1 mcg/kg/d) for a woman who is pregnant or breastfeeding and who weighs 124 pounds (56 kg). Canned varieties not adjusted. Ranges are provided when values are comparable. b. which have approximately 22 mcg of mercury per 4 ounces.750 mg of Eicosapentaenoic (EPA) and Docosahexaenoic (DHA) per week represents an average of 250 mg per day.htm. Nutrient Data Laboratory. � g. � i. which is the goal amount to achieve at the recommended 8 ounces of seafood per week for the general public. � U. Sources: U. � h. EPA and DHA values are for cooked. Women who are pregnant or breastfeeding should also limit white (Albacore) Tuna to 6 ounces per week.ars. � †. “The Occurrence of Mercury in the Fishery Resources of the Gulf of Mexico” Report. mercury values gathered from cooked forms. Mercury was measured as total mercury and/or methyl mercury.gov/ba/bhnrc/ndl. A total of 39 mcg of mercury per week would reach the EPA reference dose limit (0. 2010.” Available at: http:/ /www. Mercury values of zero were below the level of detection. Values for mercury adjusted to reflect 4 ounce weight after cooking. Seafood variety is included in mercury value(s) reported. � Environmental Protection Agency. A total of 1. Agricultural Research Service. edible portion rounded to the nearest 50 mg. NA– � Data not available.notes for aPPendix 11. 2000. a.S. Ranges are provided when values are comparable. � National Marine Fisheries Service. Eastern oysters have approximately 500–550 mg of EPA+DHA per 4 ounces. � *. assuming 25 percent moisture loss.gov/Food/ � FoodSafety/Product-Specific Information/Seafood/FoodbornePathogensContaminants/Methylmercury/ucm115644. Food and Drug Administration. “National Marine Fisheries Service Survey of Trace Elements in the Fishery Resource” Report. Cooked by moist heat. � d. does not include Atlantic Tilefish. Department of Agriculture. � e. Release 23. 1978.S. Values are for Tilefish from the Gulf of Mexico. Seafood variety is included in EPA+DHA value(s) reported. 2010 86 .usda. � DIETARY GUIDELINES FOR AMERICANS. c.fda. USDA National Nutrient Database for Standard Reference. Values are estimates. “Mercury Levels in Commercial Fish and Shellfish. � f. Spiny Lobster has approximately 550 mg of EPA+DHA and 14 mcg mercury per 4 ounces. Values are estimates. Available at: http://www. Values are rounded to the nearest whole number.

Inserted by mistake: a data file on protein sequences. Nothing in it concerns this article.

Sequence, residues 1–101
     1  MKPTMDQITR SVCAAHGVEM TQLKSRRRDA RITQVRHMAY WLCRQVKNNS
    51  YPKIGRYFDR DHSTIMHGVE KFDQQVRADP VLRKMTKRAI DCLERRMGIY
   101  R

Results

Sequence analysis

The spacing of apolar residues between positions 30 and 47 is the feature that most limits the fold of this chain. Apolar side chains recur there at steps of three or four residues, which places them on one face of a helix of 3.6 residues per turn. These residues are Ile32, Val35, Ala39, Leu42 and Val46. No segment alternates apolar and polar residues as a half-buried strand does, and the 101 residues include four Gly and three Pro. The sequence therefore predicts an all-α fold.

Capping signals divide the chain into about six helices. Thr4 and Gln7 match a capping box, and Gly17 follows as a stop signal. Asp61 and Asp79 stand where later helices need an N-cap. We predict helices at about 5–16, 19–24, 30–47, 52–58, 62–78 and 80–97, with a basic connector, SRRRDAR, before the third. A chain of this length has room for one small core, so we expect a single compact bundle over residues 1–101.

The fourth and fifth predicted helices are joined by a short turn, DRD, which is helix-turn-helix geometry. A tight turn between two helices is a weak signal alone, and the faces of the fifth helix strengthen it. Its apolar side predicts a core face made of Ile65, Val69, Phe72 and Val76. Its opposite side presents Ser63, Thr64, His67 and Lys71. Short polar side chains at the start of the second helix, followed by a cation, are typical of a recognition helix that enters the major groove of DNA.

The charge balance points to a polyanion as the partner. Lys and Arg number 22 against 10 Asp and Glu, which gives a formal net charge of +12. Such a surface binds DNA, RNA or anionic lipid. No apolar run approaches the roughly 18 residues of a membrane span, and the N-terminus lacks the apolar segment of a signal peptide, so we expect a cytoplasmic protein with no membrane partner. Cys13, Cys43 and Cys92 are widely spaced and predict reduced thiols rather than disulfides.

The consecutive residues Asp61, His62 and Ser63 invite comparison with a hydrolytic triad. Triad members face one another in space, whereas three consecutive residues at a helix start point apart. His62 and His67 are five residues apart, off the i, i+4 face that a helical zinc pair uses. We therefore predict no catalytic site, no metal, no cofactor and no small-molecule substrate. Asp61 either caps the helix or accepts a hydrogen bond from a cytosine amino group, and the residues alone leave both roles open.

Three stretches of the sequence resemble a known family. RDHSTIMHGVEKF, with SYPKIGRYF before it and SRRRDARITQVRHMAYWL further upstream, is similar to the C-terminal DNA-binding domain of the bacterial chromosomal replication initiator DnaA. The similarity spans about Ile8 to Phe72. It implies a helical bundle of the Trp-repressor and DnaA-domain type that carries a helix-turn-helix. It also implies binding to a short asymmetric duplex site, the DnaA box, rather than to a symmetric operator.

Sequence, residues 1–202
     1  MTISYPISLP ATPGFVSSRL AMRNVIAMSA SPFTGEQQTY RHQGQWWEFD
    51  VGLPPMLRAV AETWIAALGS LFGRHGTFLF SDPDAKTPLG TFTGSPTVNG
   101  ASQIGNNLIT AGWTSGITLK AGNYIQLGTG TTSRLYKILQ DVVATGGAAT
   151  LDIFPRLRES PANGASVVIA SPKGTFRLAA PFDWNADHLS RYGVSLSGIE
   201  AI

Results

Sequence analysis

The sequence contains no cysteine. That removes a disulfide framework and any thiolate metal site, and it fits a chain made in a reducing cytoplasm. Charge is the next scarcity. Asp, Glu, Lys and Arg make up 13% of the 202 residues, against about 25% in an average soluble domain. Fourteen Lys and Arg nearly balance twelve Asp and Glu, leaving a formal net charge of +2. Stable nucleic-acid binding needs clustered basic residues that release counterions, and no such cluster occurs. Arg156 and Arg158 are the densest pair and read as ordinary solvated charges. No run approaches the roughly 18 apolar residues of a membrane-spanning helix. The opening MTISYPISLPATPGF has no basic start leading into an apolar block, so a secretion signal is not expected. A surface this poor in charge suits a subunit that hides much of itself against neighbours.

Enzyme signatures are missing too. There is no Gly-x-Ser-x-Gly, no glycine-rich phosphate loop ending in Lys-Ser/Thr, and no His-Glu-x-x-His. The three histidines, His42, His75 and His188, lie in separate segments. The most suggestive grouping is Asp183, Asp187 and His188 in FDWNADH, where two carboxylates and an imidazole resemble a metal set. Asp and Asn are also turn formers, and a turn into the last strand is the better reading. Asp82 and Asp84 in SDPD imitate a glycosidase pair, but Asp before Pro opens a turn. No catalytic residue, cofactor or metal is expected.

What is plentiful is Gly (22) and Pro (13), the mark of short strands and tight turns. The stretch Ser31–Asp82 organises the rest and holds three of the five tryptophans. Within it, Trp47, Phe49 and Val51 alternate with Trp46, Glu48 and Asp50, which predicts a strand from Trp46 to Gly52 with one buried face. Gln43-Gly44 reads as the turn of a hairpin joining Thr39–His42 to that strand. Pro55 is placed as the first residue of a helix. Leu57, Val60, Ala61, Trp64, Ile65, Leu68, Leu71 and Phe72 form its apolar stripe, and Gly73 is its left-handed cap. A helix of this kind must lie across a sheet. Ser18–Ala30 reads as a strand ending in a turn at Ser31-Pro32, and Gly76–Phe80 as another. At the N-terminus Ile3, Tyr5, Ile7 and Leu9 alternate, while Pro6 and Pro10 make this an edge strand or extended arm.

Release 22. cooked Rockfish. uncooked Prunes. nonfat Low-fat (1%) or reduced fat (2%) chocolate milk Bananas Spinach. cooked Kidney beans. stewed Skim milk (nonfat) Rainbow trout. Agricultural Research Service. cooked standard portion size 1 small potato 1 cup 1 cup ¼ cup ½ cup ½ cup 1 cup 8 ounces ½ cup 1 medium 3 ounces 1 cup 3 ounces ½ cup 3 ounces ½ cup ½ cup 3 ounces 3 ounces ½ cup 1 cup 1 medium ½ cup ½ cup ¼ cup ½ cup 1 cup 3 ounces ¼ cup ½ cup 3 ounces 1 cup ½ cup ½ cup ½ cup calories in standard portiona 128 182 94 54 19 149 41 127–143 48 103 126 112 119 127 118 108 149 103 89 100 158–190 105 21–25 29 96 133 83 128 78 122 190 98–102 115 89 112 Potassium in standard portion (mg)a 738 707 689 664 654 595 556 531–579 549 542 534 496 490 485 484 478 443 442 439 425 422–425 422 370–419 405 398 398 382 381 378 373 371 366–370 365 358 358 a. baked in skin Clams. canned Carrot juice. SELECTED FOOD SOURCES RANKED BY AMOUNTS OF POTASSIUM AND CALORIES PER STANDARD FOOD PORTION food Potato. cooked Plantains. cooked Apricots. nonfat or lowfat Tomato puree Sweet potato.ars. baked. cooked Tuna. cooked Tomato sauce Peaches. Pacific. Department of Agriculture.S. cooked Lima beans. cooked Soybeans. dried. cooked Pork loin. lean. canned Tomato juice. dried. Source: U.aPPendix 12. Nutrient Data Laboratory. uncooked Pinto beans. cooked Evaporated milk. mature.usda. cooked Cod. center rib. 2010 . Available at: http:/ /www. yellowfin. cooked White beans. roasted Low-fat milk or buttermilk (1%) Lentils. canned Plain yogurt. 87 DIETARY GUIDELINES FOR AMERICANS. fresh Halibut. USDA National Nutrient Database for Standard Reference.gov/ba/bhnrc/ndl. flesh and skin Prune juice. 2009. Pacific. cooked Soybeans. canned Orange juice. green. canned Tomato paste Beet greens.